Panel 5. Repetition in discourses across languages and genres (ENG)

Organizer: Azad Mammadov, (Chair and Prof.Department of General Linguistics, Azerbaijan University of Languages),

This workshop is intended to explore some of the most intriguing issues in the study of repetition and its functions in discourses across languages and genres. Repetition has been widely and extensively studied from the perspectives of text linguistics (Halliday and Hasan 1976, Enkvist 1989, Karoly. 2003), discourse analysis and linguistic pragmatics (Tannen 1989, Hoey 1991, Nascione 2010), literary studies (Pilkington 2000) and rhetoric (Cockroft et. al. 2014). The workshop organizers have decided to revisit this topic due to their new approach to this phenomenon, which can reshape our understanding of the role of repetition in text and discourse which has traditionally been analyzed from a perspective of social aspects. Such approach can allow more in-depth analysis of the phenomenon of repetition from the point of view of discourse studies, cognitive linguistics and sociolinguistics and can help to reveal its new function in discourse. Hopefully this workshop can also help to understand better the role of individual, subjectivity and knowledge in discourse production prioritized by the sociocognitive approach (Van Dijk 2008, Van Dijk 2009, Van Dijk 2014, etc.).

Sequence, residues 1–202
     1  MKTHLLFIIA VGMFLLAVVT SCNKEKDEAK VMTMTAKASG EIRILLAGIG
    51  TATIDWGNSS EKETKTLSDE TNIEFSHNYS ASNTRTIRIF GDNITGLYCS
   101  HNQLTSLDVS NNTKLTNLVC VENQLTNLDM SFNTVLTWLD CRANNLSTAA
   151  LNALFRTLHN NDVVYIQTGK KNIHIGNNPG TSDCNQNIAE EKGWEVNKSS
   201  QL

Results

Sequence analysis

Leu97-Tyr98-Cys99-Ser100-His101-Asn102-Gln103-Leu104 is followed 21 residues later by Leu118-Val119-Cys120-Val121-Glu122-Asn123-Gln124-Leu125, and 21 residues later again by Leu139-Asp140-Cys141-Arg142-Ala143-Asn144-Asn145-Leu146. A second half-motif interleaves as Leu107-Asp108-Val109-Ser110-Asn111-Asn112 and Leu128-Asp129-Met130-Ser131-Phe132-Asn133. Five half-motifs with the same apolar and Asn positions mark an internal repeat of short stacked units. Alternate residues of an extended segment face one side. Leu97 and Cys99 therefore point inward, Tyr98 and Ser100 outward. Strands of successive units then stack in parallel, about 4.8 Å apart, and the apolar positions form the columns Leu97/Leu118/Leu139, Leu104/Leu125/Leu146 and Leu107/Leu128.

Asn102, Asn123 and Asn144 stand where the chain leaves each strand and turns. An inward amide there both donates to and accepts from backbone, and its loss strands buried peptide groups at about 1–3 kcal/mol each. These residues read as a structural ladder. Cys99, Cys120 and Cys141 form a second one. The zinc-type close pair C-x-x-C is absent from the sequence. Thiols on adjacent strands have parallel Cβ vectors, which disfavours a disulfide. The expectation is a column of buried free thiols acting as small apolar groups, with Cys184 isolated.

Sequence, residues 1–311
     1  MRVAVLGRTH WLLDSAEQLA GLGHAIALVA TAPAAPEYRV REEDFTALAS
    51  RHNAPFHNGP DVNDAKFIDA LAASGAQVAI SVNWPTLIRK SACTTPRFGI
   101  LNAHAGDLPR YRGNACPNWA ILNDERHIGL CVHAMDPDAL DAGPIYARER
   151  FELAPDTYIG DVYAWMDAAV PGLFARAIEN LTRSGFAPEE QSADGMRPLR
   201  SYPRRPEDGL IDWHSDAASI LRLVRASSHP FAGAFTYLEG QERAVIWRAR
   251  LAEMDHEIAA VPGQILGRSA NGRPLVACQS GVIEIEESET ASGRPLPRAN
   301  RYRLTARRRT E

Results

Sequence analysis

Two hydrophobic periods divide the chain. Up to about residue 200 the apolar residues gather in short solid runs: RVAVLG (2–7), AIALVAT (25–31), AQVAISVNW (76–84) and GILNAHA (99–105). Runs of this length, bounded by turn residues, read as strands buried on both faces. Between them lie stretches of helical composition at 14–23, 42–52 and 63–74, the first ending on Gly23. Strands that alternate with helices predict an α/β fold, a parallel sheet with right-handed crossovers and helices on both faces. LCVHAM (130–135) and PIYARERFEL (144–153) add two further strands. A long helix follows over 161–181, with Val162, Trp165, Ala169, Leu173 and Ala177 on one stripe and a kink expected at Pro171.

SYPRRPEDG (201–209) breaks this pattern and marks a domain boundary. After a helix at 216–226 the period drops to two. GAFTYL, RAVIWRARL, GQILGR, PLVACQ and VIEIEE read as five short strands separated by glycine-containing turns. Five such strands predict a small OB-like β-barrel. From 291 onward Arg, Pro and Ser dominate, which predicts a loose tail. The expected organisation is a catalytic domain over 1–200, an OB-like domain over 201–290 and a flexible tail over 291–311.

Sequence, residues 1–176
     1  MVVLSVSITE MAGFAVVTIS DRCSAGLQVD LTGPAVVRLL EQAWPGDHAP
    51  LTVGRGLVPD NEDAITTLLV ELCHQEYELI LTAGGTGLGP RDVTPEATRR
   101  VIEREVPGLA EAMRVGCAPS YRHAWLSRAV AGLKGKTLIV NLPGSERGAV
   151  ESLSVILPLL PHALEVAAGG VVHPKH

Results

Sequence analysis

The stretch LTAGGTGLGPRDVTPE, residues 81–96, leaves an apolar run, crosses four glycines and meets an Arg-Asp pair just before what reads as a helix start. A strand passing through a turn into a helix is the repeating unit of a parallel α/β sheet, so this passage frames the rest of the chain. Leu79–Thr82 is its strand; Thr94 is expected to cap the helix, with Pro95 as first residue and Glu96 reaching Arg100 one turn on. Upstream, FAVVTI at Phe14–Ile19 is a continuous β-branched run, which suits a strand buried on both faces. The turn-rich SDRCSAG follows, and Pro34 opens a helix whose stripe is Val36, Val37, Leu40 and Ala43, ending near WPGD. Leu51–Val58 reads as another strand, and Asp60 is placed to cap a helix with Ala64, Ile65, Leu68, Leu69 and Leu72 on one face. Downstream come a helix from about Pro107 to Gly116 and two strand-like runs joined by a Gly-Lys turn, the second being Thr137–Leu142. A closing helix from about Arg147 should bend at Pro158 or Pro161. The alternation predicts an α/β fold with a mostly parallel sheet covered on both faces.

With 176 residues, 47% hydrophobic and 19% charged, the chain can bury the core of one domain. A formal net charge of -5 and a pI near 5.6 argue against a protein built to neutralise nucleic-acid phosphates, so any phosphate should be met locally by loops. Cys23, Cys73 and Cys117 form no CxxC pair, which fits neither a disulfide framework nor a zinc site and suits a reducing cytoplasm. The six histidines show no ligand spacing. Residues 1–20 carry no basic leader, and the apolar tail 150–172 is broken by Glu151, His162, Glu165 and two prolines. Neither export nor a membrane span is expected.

Thus, the workshop aims to study the phenomenon of repetition on the level of language based on the method of discourse analysis (with the elements of critical discourse analysis Cap 2020) and on the level of cognition based on the method provided by the Contemporary Metaphor Theory (Lakoff 1993, Casassanto 2009, Engstrom 2009). In order to justify this methodology, it focuses on repetition in language as one of the core elements in the series of choices senders make based on their individual and social preferences. Different types of direct phonetic, morphological, lexical and syntactic repetition extensively used in discourses across languages and genres are under analysis in terms of their textual (poetic, rhetoric and construal) and cognitive functions. The workshop therefore aims to explore different types of repetition from a perspective of their multiple functions in discourses across languages and genres.

During the process of discourse production, both explicit linguistic devices and implicit relations play crucial role in the construction of its cognitive structure. In this connection, repetition in language is one of the most important linguistic devices in any genre of discourse. Repetitions give strong impetus to discourse participants for relevant associations and eventually for strong cognitive operations. It is a choice made by senders, first of all, based on their subjective individual rather social preferences. Subjectivity in discourse implies a subjective interpretation of meanings constructed by participants and the use of repetition motivates certain formal discoursive behaviors. Thus, our study of repetition in discourse provides us with a new strong argument in favor of the sociocognitive approach which prioritizes the role of individual factors in discourse production.


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